31 CHILCOMBE (C.e.)
(O.S. 6 in. XXXVIII, S.E.)
Chilcombe is a small parish 4 m. E. of Bridport.
The church and the hill-fort are the principal monuments.
(1) Parish Church (dedication unknown) stands
in the middle of the parish. The walls are of local
rubble, cement-rendered on the E. and S., with dressings
of the same material; the roofs are covered with slates
and stone slates. The S. wall of the Nave dates from
the 12th century and the Chancel is probably of the
same period. The chancel-arch was rebuilt late in
the 14th century and the N. and W. sides of the nave
were perhaps rebuilt in the 15th century. The South
Porch is of 18th-century or modern date. The church
has been restored in modern times.
The Church, Plan
Architectural Description—The Chancel (11¾ ft. by
11 ft.) has an early 15th-century E. window of two
cinque-foiled lights with vertical tracery in a two-centred head with moulded reveals. In the N. wall
is a window of one trefoiled light entirely modern
externally. In the S. wall is an early 15th-century
window of two trefoiled lights with vertical tracery
in a two-centred head with a label. The late 14th-century chancel-arch is two-centred and of two continuous moulded orders.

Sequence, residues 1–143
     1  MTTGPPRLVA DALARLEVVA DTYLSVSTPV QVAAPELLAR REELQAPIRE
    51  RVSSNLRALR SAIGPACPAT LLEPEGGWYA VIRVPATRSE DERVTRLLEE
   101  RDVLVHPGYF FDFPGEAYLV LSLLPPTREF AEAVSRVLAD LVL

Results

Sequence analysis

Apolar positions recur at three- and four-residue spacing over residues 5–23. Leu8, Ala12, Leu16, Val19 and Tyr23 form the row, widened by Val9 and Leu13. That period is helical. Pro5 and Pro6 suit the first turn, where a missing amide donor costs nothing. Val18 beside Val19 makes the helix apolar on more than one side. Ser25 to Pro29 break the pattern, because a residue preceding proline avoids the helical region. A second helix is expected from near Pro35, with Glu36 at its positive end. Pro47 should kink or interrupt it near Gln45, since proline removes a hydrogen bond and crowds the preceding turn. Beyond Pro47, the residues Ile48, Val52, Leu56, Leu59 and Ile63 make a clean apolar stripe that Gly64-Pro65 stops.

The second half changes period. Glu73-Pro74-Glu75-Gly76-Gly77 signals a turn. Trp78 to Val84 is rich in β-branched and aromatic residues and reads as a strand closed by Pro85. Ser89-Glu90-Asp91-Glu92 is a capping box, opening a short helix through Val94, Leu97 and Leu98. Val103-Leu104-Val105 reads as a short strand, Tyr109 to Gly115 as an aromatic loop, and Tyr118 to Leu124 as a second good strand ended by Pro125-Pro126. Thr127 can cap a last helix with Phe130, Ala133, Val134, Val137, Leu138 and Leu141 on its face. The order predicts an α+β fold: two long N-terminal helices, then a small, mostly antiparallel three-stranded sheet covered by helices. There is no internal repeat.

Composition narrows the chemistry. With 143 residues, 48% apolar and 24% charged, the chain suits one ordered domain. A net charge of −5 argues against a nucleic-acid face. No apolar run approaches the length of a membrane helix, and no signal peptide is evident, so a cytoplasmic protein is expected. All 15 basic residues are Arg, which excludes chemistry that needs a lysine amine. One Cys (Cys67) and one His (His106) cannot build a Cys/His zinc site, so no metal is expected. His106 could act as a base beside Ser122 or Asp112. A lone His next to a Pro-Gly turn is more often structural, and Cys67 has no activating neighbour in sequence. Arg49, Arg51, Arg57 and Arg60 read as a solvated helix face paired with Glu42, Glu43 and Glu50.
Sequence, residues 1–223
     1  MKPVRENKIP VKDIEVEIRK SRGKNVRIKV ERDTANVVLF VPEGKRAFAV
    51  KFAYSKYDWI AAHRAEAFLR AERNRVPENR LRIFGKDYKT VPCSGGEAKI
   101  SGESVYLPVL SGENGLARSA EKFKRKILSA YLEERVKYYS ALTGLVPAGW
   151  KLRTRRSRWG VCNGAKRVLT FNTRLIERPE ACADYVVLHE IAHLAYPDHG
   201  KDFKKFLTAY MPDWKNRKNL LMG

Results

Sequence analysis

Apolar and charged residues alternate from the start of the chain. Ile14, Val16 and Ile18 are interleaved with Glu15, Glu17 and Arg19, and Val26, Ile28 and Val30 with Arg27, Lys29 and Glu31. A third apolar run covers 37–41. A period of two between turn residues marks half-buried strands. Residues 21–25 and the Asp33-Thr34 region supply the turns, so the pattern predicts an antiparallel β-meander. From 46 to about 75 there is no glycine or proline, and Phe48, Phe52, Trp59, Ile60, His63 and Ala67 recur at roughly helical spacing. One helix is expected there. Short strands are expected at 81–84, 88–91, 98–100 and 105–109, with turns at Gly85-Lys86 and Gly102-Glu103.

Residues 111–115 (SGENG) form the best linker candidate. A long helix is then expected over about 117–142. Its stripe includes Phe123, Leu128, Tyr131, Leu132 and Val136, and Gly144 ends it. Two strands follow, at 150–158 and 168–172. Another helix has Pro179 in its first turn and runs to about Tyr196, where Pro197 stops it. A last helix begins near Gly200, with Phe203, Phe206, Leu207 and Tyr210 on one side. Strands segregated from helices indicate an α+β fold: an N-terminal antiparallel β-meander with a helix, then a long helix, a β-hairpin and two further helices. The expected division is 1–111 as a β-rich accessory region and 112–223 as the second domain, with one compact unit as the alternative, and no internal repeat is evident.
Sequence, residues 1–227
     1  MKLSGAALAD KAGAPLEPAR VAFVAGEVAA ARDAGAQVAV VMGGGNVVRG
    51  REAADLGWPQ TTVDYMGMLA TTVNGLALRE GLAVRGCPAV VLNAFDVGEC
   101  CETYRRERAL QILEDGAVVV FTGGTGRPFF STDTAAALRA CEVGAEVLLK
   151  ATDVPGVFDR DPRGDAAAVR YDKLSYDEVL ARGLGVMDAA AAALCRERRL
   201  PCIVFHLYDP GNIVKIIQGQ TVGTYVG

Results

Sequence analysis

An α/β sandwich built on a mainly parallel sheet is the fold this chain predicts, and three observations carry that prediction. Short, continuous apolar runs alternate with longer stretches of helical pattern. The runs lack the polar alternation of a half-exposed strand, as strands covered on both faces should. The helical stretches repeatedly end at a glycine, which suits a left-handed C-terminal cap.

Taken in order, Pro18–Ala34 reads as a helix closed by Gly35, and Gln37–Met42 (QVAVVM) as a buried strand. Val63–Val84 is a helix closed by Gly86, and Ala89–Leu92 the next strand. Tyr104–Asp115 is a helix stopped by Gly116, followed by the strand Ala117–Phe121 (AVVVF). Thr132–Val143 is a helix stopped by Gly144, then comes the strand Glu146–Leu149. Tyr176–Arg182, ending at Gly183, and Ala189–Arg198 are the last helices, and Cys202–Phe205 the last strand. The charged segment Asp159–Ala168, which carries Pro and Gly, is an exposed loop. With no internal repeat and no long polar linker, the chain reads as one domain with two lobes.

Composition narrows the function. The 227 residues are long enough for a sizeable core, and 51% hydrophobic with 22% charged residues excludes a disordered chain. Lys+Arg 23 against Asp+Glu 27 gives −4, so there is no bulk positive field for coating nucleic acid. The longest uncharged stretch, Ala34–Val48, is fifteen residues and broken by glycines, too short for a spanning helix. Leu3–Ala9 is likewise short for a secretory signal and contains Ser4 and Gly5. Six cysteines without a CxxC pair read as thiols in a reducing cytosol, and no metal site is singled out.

The Nave (21¼ ft. by 14¾ ft.) has, in the N. wall, two
windows, the eastern of uncertain date and of one
trefoiled light with a modern head; the western
window is similar to the S. window in the chancel, but
has no label and no cusps to the heads of the lights,
which may have been cut away; further W. are the
jambs of a destroyed doorway. In the S. wall is a
modern window; the W. part of the wall is thicker
than the E. part and in it is the partly restored late
12th-century S. doorway; it has chamfered jambs and
a later round arch; above it is a plastered arch resting
on reset scalloped capitals. The late 14th-century W.
window is of two cinque-foiled lights with a quatrefoil
in a two-centred head with moulded external reveals.
On the W. gable is a stone bell-cote.
Fittings—Bell: dated 1636. Brasses: see Monuments (1), (5), (6), (7). Chair: In chancel—with
turned legs, shaped arms and back with the initials
and date R.B., 1642. Font: round bowl with chamfered edge, band of herring-bone cable decoration on
curved underside and band of conventional scallops
or gadroons enclosing flowers or leaves, late 12th-century, stem and base modern. Glass: In head of
E. window—yellow crown, 15th-century. In nave, in
S. wall, E. window, two memorial lights containing
figures of St. Peter and St. Paul under elaborate canopies,
with I.H.S. in the tracery, to Jane, daughter of John
and Elizabeth Strong, 1777, and John their son, 1787;
on St. Paul's sword is the signature and date J. Bell,
1852. Monuments and Floor-slab. Monuments: In
chancel—on N. wall, (1) to Henry Michell, 1662,
freestone tablet, with brass plate signed John Bishop
and Richard Medway, with rusticated side-pilasters,
round arch and panel above with sword and banner,
one shield-of-arms. In nave—on E. wall, (2) to John
Bishop, 1682–3, freestone cartouche (Plate 20) with
scrolls and achievement-of-arms; on N. wall, (3) to